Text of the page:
Kerry Hammond recently attended a four part series of classes at her local used book store, The Printed Page Bookshop. Each class taught a different topic about rare books, preservation, and collecting. Here are her notes from Class One: Understanding and Identifying a First Edition. We will feature her notes from the other three classes every Wednesday this month.
I am lucky enough to live near a wonderful used book store called The Printed Page Bookshop. It’s a co-op type bookstore where several different vendors have their own sections, featuring everything from fiction and non-fiction, to cookbooks and kids’ books. The owners offered a four part class called the College of Biblio Knowledge, and graciously agreed to let me blog about the class and the information given.
Class one dealt with identifying and understanding a first edition. I started the class thinking that I knew how to do this. If an old book has only one publication date in the front, it must be a first edition, right? Wrong. The guys at Printed Page explained how deceiving these dates can be and gave us tips and tricks to figure out if something really is a first edition.
We hear a lot about first editions, but why are they so collectible? The main reason is that a collector wants to get as close as possible to the author’s original writing. Each time there is a subsequent printing, the books get further and further form the author’s original manuscript. I found it interesting that most first editions aren’t valuable, but most valuable books are first editions. (Feel free to pause here and read that over and over to understand the concept.)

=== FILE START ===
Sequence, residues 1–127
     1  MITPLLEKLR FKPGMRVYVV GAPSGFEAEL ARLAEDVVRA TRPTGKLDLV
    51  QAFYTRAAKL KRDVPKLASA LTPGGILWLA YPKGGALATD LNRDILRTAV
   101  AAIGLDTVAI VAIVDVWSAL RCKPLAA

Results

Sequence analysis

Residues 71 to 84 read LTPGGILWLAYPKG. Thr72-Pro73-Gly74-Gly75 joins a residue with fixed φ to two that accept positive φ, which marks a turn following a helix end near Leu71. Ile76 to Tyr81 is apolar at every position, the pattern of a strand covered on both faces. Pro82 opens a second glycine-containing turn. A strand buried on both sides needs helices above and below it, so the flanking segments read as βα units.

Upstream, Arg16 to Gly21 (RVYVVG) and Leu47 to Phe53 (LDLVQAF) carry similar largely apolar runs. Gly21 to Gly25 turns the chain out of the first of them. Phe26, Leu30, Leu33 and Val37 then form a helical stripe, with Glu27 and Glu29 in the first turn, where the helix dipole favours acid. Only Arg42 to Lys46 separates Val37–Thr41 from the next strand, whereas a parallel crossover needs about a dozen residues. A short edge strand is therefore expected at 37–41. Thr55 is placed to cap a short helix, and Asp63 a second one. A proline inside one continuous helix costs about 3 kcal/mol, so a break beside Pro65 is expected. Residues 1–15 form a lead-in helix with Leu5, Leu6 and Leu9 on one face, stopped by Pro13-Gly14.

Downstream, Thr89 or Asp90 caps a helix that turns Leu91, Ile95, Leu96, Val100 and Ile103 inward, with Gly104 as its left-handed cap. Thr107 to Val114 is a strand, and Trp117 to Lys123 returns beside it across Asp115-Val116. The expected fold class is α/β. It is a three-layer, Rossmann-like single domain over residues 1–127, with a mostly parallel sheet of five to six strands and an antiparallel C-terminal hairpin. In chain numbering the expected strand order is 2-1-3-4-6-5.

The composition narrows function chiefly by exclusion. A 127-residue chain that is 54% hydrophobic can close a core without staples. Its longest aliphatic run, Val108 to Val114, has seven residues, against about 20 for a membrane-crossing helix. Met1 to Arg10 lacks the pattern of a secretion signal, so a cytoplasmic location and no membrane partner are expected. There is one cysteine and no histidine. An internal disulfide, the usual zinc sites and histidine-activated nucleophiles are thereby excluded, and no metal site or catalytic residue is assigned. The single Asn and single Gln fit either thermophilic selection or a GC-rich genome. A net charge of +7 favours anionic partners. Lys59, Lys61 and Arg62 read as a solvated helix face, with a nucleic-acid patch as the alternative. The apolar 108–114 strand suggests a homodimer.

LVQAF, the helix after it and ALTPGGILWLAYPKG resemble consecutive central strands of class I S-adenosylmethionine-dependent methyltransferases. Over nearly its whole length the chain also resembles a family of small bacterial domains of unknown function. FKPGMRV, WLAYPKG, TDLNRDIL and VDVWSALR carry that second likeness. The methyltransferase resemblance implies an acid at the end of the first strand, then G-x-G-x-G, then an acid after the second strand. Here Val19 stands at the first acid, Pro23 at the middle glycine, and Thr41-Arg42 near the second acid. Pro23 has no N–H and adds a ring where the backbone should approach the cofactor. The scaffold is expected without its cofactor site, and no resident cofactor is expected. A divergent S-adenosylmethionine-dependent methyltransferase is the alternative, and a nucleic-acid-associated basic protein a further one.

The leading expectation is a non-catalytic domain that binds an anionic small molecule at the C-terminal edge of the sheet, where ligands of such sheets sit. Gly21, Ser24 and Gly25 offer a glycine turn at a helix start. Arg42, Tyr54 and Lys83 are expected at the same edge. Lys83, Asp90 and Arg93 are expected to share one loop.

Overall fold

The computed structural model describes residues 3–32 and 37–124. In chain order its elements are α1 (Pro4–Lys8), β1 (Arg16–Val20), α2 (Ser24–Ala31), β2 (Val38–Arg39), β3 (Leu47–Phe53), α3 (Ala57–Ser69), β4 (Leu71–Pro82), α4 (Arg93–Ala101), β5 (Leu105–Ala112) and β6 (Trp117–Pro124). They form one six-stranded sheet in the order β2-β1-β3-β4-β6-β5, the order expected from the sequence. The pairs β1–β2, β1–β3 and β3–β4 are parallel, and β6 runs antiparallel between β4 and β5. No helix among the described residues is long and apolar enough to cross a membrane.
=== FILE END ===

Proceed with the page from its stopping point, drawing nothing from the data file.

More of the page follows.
Identifying a first edition is difficult because publishers don’t used a uniform method of identifying them. Even if you stick to one publisher, they can sometimes vary how they print their first editions. Here are examples of what are not first editions: book club editions, books printed by reprint houses (Dorsett, Bonanza, Castle), and books made to look like first editions (where the seller clips the price off of the page because a first edition wouldn’t have that on the page).
When you are attempting to identify a first edition, be careful of wording. Some books that state “First Edition” are not, whereas some that state “Second Edition” are actually firsts. It’s really a matter of eliminating all of the elements that would preclude something from being a first edition. When you’ve eliminated everything and have nothing left, you most likely have a first edition in your hands.
Here are some thing to eliminate: any book stating “revised edition” or “second thousand,” books with ads or quotes from reviews of the book, books with copyright dates later than the date the book was first published, books with the same date listed as the copyright date and on title page, and books that are book club edition (see above).
The best printed guides to identification are: Zempel and Verkler, McBride, and Ahearn. Some online sources you can use in your quest at identifying a first edition are Abebooks, Quill & Brush, and White Unicorn Books. Happy collecting.
Next Class: Protecting Your Collection